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iPS-derived human macrophages as an infection model for Leishmania donovani

Baert, Lore Sarah, Mueller, Matthias, Doll, Thierry and Pellisson, Melanie (2024) iPS-derived human macrophages as an infection model for Leishmania donovani. PLoS neglected tropical diseases, 18. ISSN 1935-2735


The parasite Leishmania donovani is one of the species causing visceral leishmaniasis in humans, a deadly infection claiming up to 40 000 lives each year. Despite its huge burden, the current drugs available all have severe drawbacks and there is an urgent need to find new antileishmanial compounds. However, the search for drug candidates is complicated by the intracellular lifecycle of Leishmania. Here, we investigated the use of human induced pluripotent stem cell (iPS) derived macrophages (iMAC) as host cells for L. donovani. iMAC obtained through embryoid body differentiation were infected with L. donovani promastigotes and high content imaging techniques were used to optimize the iMAC seeding density and multiplicity of infection, allowing us to reach infection rates up to 70% five days after infection. IC50 values calculated for miltefosine and amphotericin B using the infected iMAC or mouse peritoneal macrophages as host cells in an assay are comparable to each other and to what has been reported in literature, showing its potential as a new drug screening assay.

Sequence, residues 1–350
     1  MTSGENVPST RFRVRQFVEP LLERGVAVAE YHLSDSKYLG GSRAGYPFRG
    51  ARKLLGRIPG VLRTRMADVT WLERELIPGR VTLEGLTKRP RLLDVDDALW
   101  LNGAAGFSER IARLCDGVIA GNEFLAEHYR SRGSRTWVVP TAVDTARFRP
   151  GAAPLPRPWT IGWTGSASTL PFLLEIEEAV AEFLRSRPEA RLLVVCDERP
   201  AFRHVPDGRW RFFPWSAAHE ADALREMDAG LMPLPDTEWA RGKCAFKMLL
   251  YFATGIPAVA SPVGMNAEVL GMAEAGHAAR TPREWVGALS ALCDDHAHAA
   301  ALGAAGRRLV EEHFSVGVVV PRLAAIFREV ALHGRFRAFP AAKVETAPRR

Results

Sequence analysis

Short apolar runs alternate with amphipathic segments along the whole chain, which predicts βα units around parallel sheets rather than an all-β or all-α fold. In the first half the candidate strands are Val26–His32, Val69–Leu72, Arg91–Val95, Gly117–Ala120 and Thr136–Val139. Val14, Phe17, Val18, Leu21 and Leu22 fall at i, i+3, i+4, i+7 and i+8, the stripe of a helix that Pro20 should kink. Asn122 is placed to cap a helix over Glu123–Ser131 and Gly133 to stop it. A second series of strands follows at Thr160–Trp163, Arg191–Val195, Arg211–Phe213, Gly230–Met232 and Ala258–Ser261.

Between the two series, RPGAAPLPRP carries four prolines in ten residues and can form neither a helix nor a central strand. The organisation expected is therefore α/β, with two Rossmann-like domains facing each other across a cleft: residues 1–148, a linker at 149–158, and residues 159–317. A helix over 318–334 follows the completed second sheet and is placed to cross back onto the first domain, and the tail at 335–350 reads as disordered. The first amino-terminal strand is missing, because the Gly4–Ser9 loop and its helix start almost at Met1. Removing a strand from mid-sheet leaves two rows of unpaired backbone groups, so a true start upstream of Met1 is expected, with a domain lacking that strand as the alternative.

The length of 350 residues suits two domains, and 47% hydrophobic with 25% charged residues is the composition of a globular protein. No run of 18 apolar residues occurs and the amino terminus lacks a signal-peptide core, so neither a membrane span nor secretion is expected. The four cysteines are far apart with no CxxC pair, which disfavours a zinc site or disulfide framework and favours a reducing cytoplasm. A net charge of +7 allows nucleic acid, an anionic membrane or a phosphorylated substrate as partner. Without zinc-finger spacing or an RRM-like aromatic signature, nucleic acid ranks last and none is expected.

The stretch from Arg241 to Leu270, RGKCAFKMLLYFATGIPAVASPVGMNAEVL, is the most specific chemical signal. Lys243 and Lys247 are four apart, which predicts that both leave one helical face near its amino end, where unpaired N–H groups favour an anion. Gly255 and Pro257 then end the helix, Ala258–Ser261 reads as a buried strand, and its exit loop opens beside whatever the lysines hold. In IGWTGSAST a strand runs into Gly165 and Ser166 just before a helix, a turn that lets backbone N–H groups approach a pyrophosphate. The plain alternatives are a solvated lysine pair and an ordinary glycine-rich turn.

Item Type: Article
Date Deposited: 14 May 2024 00:45
Last Modified: 14 May 2024 00:45